This has helped her weather the growing competition that independent music stores face from larger chain stores and the Internet. For example, customers can find a good line of entry-level guitars at Enumclaw Music. While it's not economically sound for her to carry the more sophisticated instruments, she'll make referrals and direct customers to where they'll want to go and actually handle and play the guitar to know if it's a good fit.
"What we can provide is good service," she said. "We can chat with the customers and that personalized service is very important to me."
So is having a roster of talented and committed teachers who continue to teach out of the store location. Kathye Long, in fact, has taught at the store the entire 27 years that Enumclaw Music has existed, she said.
Influencing Multiple Generations
On this Thursday morning, Shane was helping a customer trade up two new violins for her daughters. She also recently helped a man in his 30s with a clarinet and he told her he remembered her from his childhood.
"That's what I love seeing," she said. "It's fun to watch kids grow up with music and continue with music and then bring their kids in."
If she's going to miss anything about being a business owner, that is it -- the people. "But I'm not going to miss the responsibility," she said. "I can't hardly imagine -- I really can't -- what retirement will be like."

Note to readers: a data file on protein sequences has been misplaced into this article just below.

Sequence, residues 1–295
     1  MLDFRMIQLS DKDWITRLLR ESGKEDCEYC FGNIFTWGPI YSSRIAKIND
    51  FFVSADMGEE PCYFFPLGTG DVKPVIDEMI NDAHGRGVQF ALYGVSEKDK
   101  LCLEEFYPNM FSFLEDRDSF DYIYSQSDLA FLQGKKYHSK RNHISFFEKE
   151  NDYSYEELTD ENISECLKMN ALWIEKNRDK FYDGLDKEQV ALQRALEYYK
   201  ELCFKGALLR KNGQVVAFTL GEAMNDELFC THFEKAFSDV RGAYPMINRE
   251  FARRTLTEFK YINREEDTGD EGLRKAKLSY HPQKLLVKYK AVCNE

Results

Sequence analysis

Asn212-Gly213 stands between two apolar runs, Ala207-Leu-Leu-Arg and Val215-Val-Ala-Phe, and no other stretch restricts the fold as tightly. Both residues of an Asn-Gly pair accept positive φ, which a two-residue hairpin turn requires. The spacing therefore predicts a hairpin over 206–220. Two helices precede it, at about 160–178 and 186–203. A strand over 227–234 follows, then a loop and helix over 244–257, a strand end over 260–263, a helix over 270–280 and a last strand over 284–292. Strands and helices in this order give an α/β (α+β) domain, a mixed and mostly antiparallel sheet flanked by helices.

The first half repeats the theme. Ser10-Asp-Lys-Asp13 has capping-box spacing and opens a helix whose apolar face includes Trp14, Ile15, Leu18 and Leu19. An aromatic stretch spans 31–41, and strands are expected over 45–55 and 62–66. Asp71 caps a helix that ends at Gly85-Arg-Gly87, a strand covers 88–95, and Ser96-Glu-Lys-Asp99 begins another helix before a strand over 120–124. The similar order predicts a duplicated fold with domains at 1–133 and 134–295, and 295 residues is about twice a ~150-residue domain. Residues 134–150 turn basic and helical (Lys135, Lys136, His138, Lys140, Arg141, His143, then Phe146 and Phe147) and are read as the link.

Shane said she wants to travel (her children now live in Montana and South Carolina), work in her yard, and spend more time with people she hasn't been able to in the past.
No Quiet Retirement
Having moved to Enumclaw 50 years ago from southern California, Shane has over the years served on the city of Enumclaw's Arts Commission and played accompaniment for various school music programs on the Plateau. She continues to serve on the board of directors of the Plateau Community Orchestra and plans to continue providing accompaniment for local musicians young and old.
Shane will continue to teach her six piano students and polish her own piano shops as well. She's also recently taken up the violin and plans to host a double string quartet at her home this summer.
And at least through June, Shane can be found at the June 22 Enumclaw Music recital organized by the studio's six music teachers as well as at a three-day band camp that Enumclaw Music sponsors at Thunder Mountain Middle School the week after school is out for summer.
Clearly, Shane plans to stay busy; she's looking forward to the change from business owner to dedicated music aficianado where she can continue to support local musicians but without the responsibility of also running a store.
"It's been nice," she said. "I love this town. I love the music business. We have the best customers because they're all into music. We have great teachers. It's [retirement is] gonna be strange."
See Barb Shane on the piano tonight as part of the , performing free live music at Enumclaw Music from 7 p.m. to 9 p.m. No cover charge and free punch and cookies at the break.